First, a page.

The History of Harris Tweed Fabric

 

There are few fabrics more celebrated or more storied than the legendary Harris Tweed.

With a history stretching back for several centuries (perhaps even millennia), Harris Tweed is synonymous not only with quality and endurance, but timeless style as well.

Woven in the islands of Scotland’s Outer Hebrides – Lewis, Uist and Barra as well as Harris itself – Harris Tweed fabric has a distinctive charm and appearance, reflecting the rugged environment in which it has been produced for so many years.

The indelible link between this tweed and its place of origin, evident in the coarse textures and traditional colours of Harris Tweed apparel, adds to its remarkable character and goes a long way to explaining why it has remained such a firm favourite.

But what’s so special about this Scottish tweed, and what makes it unique? In this guide, we’ll take a look at the history of Harris Tweed, including its origins, its distinctive characteristics and the factors that propelled the fabric to the prominence it enjoys today.

 

What is Harris Tweed?

What is Harris Tweed? Find out at The Edinburgh Woollen Mill, a proud supplier of Scottish tweed.

Harris Tweed is a cloth made from yarn; dyed and spun in the Outer Hebrides and handwoven by local islanders in their own homes. There are, as you might expect, very stringent criteria in place to ensure that the Harris Tweed sold by shops is the genuine article.

 

How to recognise genuine Harris Tweed

 

The Harris Tweed Authority (HTA) has legal powers to enforce their standards, and works both to protect the reputation of the material and to guarantee quality for the benefit of consumers.

It is essential that these quality standards are met in order to secure the HTA’s endorsement as genuine Harris Tweed. Among other requirements, it is essential that only wool of the highest quality is used in the manufacturing process!

 

You can always tell when an item is genuine Harris Tweed, as it carries the HTA’s distinctive orb mark as a seal of approval, granted by the inspectors who examine the material. If it doesn’t have this, it isn’t legitimate Harris Tweed.

 

The origins of Harris Tweed

The precursors to modern-day Harris Tweed long predate modern industry. Cloth has been manufactured by hand in the Outer Hebrides for countless generations, originally for domestic and local trading purposes.

The practical uses of this cloth, in this environment, are obvious: given the tough, cold and wet climate, the local inhabitants – predominantly crofters – needed some robust protection against the elements. The material known to the Hebrideans simply as ‘Clò-Mòr’ (‘the big cloth’) provided it.

Harris Tweed’s rise to global popularity

Find out how Harris Tweed became so popular at The Edinburgh Woollen Mill.

 

However, Harris Tweed only rose to commercial prominence in the mid-19th century, when its popularity suddenly and rapidly took off. It was in this period that a local speciality became a national, and then a global consumer commodity.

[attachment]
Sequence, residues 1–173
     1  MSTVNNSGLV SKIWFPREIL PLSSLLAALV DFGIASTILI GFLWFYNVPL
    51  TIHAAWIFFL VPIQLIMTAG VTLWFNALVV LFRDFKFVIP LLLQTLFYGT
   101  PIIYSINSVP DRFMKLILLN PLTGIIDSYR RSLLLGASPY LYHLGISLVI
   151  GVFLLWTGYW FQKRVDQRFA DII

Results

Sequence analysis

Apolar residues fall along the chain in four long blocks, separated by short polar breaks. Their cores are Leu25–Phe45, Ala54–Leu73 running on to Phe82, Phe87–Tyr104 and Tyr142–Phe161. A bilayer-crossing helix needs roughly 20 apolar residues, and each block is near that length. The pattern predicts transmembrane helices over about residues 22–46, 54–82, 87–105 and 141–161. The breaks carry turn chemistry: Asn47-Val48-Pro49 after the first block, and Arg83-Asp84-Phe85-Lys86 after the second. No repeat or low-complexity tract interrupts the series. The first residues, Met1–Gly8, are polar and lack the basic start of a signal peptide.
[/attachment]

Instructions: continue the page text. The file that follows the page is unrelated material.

Here the intervention of the local aristocracy proved crucial. Catherine Murray, Countess of Dunmore – widow of George Murray, 6th Earl of Dunmore and landowner of Harris – had the family’s tartan weaved into Harris Tweed.

Lady Dunmore had noted its quality and astutely saw that this tweed material had major commercial potential, and thus became an enthusiastic developer and promoter of the product.

Lady Dunmore’s role was particularly important in popularising Harris Tweed among the wider British nobility, among whom it soon became highly sought-after.

 

Of course, the popularity of Harris Tweed among the upper class quickly caught the attention of the upwardly-mobile middle class

as well; carrying as it did these connotations of social sophistication, and wearing Harris Tweed became an effective way of demonstrating that you were on your way up in the world.

From here, it found its way to mass popularity.

 

The charm of a rich heritage

Though a mass-market phenomenon these days, the noble origins of modern-day Harris Tweed have given it a lasting and distinctive allure which it retains in full.

 

The A-listers of Hollywood’s mid-20th century golden era were also susceptible to the charms of Harris Tweed (including the leading Rat Pack stars Frank Sinatra and Dean Martin) and it was even widely worn, apparently, by the secret agents of the US Central Intelligence Agency during the Cold War!

Harris Tweed today

Modern day Harris Tweed – how does it look?

The timeless quality of Harris Tweed, its outstanding longevity and its remarkable versatility all ensure that it remains an enduring favourite.

The popularity of Harris Tweed has never been dependent on trends: regardless of what’s going on elsewhere in the fashion world, this classic tweed continues to appeal to those looking for something with a sense of long-lasting heritage, over and above the ephemeral twists and turns of fashion.

Now widely embraced by some of the world’s leading designers and fashion houses, and used in everything from jackets and hats to wallets and holdalls, Harris Tweed continues to set the benchmark for adaptability, durability, quality and style – and we can expect that it will do so for many years to come.

 

Here at The Edinburgh Woollen Mill, you’ll find an extensive range of stylish, high-quality Harris tweed apparel and accessories. Take a closer look today – see what we’ve got to offer.